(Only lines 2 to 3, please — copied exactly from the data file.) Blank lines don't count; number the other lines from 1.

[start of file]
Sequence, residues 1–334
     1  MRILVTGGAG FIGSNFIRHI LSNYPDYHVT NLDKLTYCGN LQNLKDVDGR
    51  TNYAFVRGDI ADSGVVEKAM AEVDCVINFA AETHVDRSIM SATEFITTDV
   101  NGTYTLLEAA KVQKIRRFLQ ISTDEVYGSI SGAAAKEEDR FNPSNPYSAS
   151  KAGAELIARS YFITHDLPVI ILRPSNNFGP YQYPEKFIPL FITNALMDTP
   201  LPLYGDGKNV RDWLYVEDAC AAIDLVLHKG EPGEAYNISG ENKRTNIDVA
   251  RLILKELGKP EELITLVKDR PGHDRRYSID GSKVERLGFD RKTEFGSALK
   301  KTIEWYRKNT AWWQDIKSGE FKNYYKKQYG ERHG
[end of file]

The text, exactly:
     1  MRILVTGGAG FIGSNFIRHI LSNYPDYHVT NLDKLTYCGN LQNLKDVDGR
    51  TNYAFVRGDI ADSGVVEKAM AEVDCVINFA AETHVDRSIM SATEFITTDV